Increasing the age limit is something that significantly improves the financial profile of SS. It looks like an easy way to push the numbers around. That’s true, but it’s not without consequence. I would point to the riots in France just two years ago when the retirement age was increased. Who were the protesters? A coalition of younger and older workers. The older ones had obvious reasons. The younger ones were brought to the streets because they desperately wanted the old folks to retire. Why? Because they wanted the jobs that would become vacant. Youth unemployment in France is north of 20%. That is exactly where it is headed in the USA. So raising the retirement age “fixes” SS but it also closes some doors for younger people all the way down to their early 20’s.
For these reasons I give that favorable “B” grade (there is no “A”). But now consider who is getting screwed.
The Baby Boomers will reach age 65 in 2011. This population bulge will continue to hit the SS system until 2029. Note this. We are on the very first rung of a very tall (and shaky) ladder.
The problem for SS over the next 20 years (and a Medicare in a bigger way) is the Baby Boomers. When you look at the age group that is causing the problems and overlay the proposed changes you see that the Boomer contribution to the “fix” is not very much at all.
(a) Increasing the age limit to 70 after 2017 only impact those born after 1970. So the Boomers get a free ride.
(b) Increasing the early retirement age is limited to only those born after 1966. Another miss.
(c) Changing the benefit formula starting in 2017 would hit the boomers (At least it would on paper). But the phase in of this takes place over 40 years. The Boomers will be dead and buried before the actual hit takes place.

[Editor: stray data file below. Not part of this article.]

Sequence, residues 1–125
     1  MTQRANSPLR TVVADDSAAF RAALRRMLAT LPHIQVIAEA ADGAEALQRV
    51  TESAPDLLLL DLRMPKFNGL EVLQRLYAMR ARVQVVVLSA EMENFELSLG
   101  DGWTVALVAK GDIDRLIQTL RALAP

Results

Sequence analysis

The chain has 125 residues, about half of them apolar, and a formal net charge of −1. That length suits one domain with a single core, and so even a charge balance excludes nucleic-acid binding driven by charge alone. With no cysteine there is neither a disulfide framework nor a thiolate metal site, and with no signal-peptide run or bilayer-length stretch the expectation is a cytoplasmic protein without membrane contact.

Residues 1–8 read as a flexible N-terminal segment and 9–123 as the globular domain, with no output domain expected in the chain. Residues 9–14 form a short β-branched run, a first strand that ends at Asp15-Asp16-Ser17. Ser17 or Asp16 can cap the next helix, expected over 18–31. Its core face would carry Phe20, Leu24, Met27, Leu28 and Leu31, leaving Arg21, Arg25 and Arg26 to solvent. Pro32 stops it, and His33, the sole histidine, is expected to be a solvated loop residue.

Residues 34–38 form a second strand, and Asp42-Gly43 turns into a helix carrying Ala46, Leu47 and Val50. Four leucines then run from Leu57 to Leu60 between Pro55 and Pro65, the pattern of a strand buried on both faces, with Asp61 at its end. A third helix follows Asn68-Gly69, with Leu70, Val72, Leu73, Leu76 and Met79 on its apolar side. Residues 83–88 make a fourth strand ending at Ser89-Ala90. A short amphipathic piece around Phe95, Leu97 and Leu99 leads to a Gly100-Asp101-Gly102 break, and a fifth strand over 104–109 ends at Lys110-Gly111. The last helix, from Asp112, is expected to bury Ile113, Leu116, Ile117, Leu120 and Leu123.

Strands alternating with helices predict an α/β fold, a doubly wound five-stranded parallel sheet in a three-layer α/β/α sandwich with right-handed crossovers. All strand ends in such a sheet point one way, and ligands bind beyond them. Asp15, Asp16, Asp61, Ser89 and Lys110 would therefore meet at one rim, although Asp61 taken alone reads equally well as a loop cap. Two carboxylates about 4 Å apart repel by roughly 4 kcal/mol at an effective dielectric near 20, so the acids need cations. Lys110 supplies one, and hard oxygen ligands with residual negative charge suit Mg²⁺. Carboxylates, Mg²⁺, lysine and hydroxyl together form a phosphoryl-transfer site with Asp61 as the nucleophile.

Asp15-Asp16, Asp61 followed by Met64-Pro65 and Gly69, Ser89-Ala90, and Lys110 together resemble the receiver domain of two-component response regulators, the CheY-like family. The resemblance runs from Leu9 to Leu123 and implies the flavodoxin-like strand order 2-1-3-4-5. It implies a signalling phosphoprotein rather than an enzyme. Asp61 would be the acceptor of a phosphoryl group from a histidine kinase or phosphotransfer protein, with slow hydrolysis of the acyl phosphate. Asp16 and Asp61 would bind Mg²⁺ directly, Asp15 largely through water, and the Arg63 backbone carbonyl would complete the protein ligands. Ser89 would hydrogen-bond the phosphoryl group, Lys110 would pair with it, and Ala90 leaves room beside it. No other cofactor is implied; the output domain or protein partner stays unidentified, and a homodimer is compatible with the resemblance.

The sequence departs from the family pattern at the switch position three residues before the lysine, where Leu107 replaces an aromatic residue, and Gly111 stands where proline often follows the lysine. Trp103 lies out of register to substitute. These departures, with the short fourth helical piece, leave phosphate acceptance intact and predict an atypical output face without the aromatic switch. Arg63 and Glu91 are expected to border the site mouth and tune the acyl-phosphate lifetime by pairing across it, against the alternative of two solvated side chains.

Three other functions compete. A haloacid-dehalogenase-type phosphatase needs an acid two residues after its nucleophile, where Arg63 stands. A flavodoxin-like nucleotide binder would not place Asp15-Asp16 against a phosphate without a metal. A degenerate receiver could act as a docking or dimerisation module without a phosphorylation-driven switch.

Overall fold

So who are the losers in the Graham, Paul, Lee plan? The answer is that anyone born after 1966. If you’re younger than 47 today, bend over. The Boomers are going to screw you. You’re going to pay more than you should and you’re going to get less than the boomers got.
How could that possibly happen? Easy. It’s the demographics. Those who will “win” this age war out vote those who will lose. There are some very powerful lobbies at work as well. The AARP has a very big stick; they use their weapons on the Pols very effectively.
I will be sad if this comes about. This would be the greatest “Pass the Trash” for any generation in history. While the proposed changes would take SS off the discussion table for another decade or so it will come back into the headlines in a very big way at some point. There is absolutely no fairness in a plan that protects Boomers at the cost of the rest of society.
I think that in their hearts, Senators Graham, Paul and Lee don’t really believe in SS and would like to see it go away. It is, fundamentally, a socialist approach and it does suck up a huge amount of current tax revenue. But even these powerful Senators can’t kill SS. If their proposals are adopted it would destroy Social Security. Ten/Fifteen years from today public support for SS will have completely evaporated. It will just take that long for those younger generations to realize how badly they got set up.
I’m a cynical guy. I think that Graham, Paul, Lee (and all the others) understand that they are lighting a slow burning fuse on a very big bomb with plans like this. But they want to keep their jobs, power and influence, so they don’t do the right thing. They propose to kick the can to another few generations.
Color me disappointed. Especially with Rand Paul.